Yesterday morning, I woke up early so that I could watch the Royal Wedding and text my mom and sister. Did anyone else watch? I was prepared to be amazed by the dress and the ceremony, but what really blew me away was the sermon. Bishop Michael Curry, the presiding Bishop of the Episcopal Church, preached and I’m not sure that anyone knew quite what to expect. It was certainly a change from the norm! He spoke about love, about the power of love, and also the power of fire. Fire, he said, makes it all possible, and on this Pentecost Sunday I am increasingly aware of the power of fire.
Bishop Curry reminded us that if we were to harness the power of fire, we could do anything, and I sat on my couch wondering what kind of message this was for the church. If we were to harness the power of this holy fire, this Spirit given fire, if we were to truly live into this call, what is there that we can’t do?
I wondered what it would look like for us, individually. What does harnessing the power of fire look like for you? The fire in your gut, your calling, your passion—if you’re to harness that so that you might live it out, what does it look like? Isn’t this what we’re to live into? What is a life lived with no passion? What is a life lived without love?
The two passages we read this morning remind us of both sides of the Spirit. She’s powerful, mighty, and unexpected. She moves in mysterious ways, pushing you to things that might leave you wondering how exactly you ended up in whatever position you’re in. She’s fierce, she’s strong, she’s not something to mess with. That’s the Spirit we see in Acts. Can you imagine what was going through those disciples’ heads? All of a sudden they can’t speak to those they were speaking to. Their friends are all speaking different languages, nothing is as it once was, everything is different, eveyone thinks they’re drunk! Imagine their frustration, their confusion, perhaps even that bittersweet feeling when you realize that life won’t be what it once was. And yet, there is still something to celebrate. The Spirit moves, dances into our lives.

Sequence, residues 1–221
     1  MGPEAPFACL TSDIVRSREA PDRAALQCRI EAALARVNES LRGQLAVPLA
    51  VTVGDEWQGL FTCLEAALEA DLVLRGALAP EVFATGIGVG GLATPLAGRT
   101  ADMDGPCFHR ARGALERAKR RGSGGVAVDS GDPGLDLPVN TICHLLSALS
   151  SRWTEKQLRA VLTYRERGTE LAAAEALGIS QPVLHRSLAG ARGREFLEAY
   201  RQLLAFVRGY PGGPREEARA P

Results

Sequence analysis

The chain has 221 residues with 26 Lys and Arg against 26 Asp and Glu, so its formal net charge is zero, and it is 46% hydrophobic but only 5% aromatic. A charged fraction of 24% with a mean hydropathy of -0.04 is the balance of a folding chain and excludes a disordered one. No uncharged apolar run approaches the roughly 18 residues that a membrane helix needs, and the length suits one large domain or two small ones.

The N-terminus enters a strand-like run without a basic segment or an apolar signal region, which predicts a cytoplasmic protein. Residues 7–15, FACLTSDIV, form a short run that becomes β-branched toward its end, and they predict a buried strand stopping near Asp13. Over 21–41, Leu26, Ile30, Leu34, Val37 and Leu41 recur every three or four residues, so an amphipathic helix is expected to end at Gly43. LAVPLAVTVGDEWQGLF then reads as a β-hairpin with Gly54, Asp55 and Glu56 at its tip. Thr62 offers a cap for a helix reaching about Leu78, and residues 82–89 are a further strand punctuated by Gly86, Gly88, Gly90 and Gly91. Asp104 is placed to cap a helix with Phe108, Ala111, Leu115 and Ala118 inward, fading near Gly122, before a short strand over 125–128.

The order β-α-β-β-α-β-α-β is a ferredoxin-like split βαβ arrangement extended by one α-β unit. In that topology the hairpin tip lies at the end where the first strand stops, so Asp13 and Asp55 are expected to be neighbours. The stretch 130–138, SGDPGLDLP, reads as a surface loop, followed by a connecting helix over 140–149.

We’re told in the Pentecost story that our “sons and daughters shall prophesy; your young men shall see visions; your old men shall dream dreams.” This Pentecost day, we’re released from the fears and challenges that hold us back. We are reminded that all are tasked with sharing the good news, no matter language, nor race, nor culture, nor age. We are reminded of the power of our young people. Part of why Confirmation Sunday is today is this reminder of the power of our young people. Today we’ll be recognizing Zach and Cooper and Alison, each of whom have reminded me of the importance of listening to the young leaders in our midst. These young people are our now, not just our future. These young people are our church TODAY, not just in ten years. And they have visions and dreams for what our church can be. I encourage you to listen to the young people in our midst. Hear their ideas, value their wisdom—share your stories, and hear theirs too.